Editor’s Note: In this weekly column “Cross Exam,” Elie Honig, a CNN legal analyst and former federal and state prosecutor, gives his take on the latest legal news. Post your questions below. The views expressed in this commentary are his own. View more opinion on CNN. Watch Honig answer readers’ questions on “CNN Newsroom with Ana Cabrera” at 5:40 p.m. ET Sundays.
In the days following National Security Advisor John Bolton’s seismic announcement that he would testify if subpoenaed by the Senate, President Donald Trump went through a range of reactions. At first, Trump punted the issue to “the lawyers” and the Senate, while claiming Bolton “would know nothing about what we’re talking about” anyway.
Trump later took a different tack, promising to go to court and invoke executive privilege to prevent Bolton’s testimony. But, don’t worry, Trump assured us: he would try to block Bolton’s testimony only out of a benevolent desire to protect future presidents. Trump claimed he “would have no problem” with Bolton testifying but felt compelled to stop it because “we have to protect presidential privilege” and “I think you have to for the sake of the office.”
Don’t believe it for even half a second. Trump will try to block Bolton’s testimony not to protect future presidents, or the office of the presidency, or any principle or institution or person – but to protect no one other than Donald J. Trump himself.
Give Trump credit for at least this much: executive privilege actually exists in the law, unlike the bogus concept of “absolute immunity” that his team conjured up to try to block all executive branch employees from testifying in the House. (A federal judge forcefully rejected that claim as a “fiction” that gets separation of powers “exactly backwards”).
The law surrounding executive privilege is complex, and its application to Bolton is a close call. The Supreme Court in the case involving President Richard Nixon’s White House tapes recognized the privilege but determined that it applied only to a narrow class of communications between a president and his close advisers. According to the Supreme Court, executive privilege is not a general shield to hide impropriety but rather primarily “protect[s] military, diplomatic or sensitive national security secrets.” Depending on the specific nature of Trump’s conversations with Bolton about the hold on foreign aid to Ukraine, the privilege might or might not apply.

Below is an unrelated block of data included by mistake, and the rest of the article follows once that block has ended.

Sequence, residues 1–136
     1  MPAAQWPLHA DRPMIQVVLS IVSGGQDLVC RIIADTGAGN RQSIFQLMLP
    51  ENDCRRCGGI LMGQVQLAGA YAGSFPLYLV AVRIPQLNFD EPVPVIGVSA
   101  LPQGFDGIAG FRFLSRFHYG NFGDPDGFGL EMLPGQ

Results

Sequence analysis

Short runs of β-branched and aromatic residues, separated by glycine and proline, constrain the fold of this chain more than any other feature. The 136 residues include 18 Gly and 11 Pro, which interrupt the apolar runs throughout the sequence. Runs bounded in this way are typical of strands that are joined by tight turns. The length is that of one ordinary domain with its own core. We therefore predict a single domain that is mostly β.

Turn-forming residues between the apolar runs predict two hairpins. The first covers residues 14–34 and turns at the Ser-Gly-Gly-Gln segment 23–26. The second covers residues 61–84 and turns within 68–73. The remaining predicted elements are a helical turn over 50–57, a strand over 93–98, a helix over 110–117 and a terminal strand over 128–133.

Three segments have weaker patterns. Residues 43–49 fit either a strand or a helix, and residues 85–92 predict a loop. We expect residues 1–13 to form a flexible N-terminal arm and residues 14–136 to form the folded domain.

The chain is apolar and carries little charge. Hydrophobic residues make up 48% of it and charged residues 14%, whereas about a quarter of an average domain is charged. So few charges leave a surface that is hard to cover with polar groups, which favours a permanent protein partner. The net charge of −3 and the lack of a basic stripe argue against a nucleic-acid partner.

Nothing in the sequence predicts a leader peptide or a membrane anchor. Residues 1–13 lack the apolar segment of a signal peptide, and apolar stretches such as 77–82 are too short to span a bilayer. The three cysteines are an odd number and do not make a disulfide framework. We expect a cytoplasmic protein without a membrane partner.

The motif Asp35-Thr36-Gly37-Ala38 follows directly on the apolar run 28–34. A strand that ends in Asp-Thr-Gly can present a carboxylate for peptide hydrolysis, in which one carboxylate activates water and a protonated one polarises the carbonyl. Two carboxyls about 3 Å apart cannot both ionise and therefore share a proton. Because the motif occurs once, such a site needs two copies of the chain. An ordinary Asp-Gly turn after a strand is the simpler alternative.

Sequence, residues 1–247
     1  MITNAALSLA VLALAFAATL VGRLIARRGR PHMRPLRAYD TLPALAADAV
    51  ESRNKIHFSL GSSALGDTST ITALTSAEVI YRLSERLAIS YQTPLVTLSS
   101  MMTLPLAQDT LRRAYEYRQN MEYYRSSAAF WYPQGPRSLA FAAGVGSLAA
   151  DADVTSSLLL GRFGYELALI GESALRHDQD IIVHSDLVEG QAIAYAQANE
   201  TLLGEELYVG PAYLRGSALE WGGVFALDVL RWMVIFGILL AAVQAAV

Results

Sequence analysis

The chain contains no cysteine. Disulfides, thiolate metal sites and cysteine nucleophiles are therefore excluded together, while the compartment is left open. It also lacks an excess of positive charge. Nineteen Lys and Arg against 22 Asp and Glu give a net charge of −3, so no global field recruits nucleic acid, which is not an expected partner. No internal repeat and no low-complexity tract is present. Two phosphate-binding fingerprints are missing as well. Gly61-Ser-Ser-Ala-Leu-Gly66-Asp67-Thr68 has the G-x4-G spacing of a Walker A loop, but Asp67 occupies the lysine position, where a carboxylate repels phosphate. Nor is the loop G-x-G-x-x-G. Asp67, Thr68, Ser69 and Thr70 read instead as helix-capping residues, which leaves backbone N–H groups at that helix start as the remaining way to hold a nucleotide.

There also is a compelling argument that executive privilege does not apply at all in the context of impeachment. No court has yet decided the issue. (The Nixon opinion came down in the context of a criminal grand jury subpoena, not a formal Congressional impeachment proceeding.) But there is historical precedent for the argument that an impeachment inquiry necessarily must penetrate into the inner workings of the President and his staff, given that impeachment is necessary to ensure Constitutional balance of powers. Essentially, the argument goes, the need for sensitive information outweighs the need for secrecy, given the stakes.
But here’s the problem with Trump’s claim that he would try to block Bolton only to protect presidential privilege. If Trump truly wanted the Senate and the public to hear from Bolton, he could waive any executive privilege claim without creating any binding or harmful precedent. In other words, Trump could simply say, “There might be an executive privilege claim here, but I’m willing to give it up and let Bolton testify.”
That position would have no binding effect on future presidents, who would remain entirely free to choose to invoke the privilege (or waive it) at their own discretion. The fact that a prior president chose to waive the privilege would in no way bind future presidents to do the same. On the flip side, claiming executive privilege and losing in court – as Trump might well end up doing here with Bolton – would actually impair the privilege for future presidents.
Don’t buy Trump’s spin. He’s not looking out for the welfare of the office he holds or the sanctity of the doctrine of executive privilege. He wants to block Bolton’s testimony to save his own skin.
Now, your questions:
Mika (Colorado): Why are there no standard rules and processes in place for impeachment? It seems like we are starting from scratch.
It’s not quite accurate to say there are no standard rules and processes in place for impeachment but, indeed, the existing legal guidance leaves much to improvisation.
The Constitution is, of course, the necessary starting point. While the Constitution establishes the mechanism of impeachment, it tells us little about how the process should work. Essentially all the Constitution specifies is that impeachment is appropriate for “treason, bribery, or other high crimes and misdemeanors”; the House has “sole power of impeachment”; the Senate has “sole power to try all impeachments”; the Chief Justice of the Supreme Court presides over any presidential impeachment trial; a two-thirds’ vote of the Senate is necessary to convict; and conviction results in “removal from office, and disqualification to hold and enjoy any office.” These are important guideposts, but the Constitution does not specify further procedures.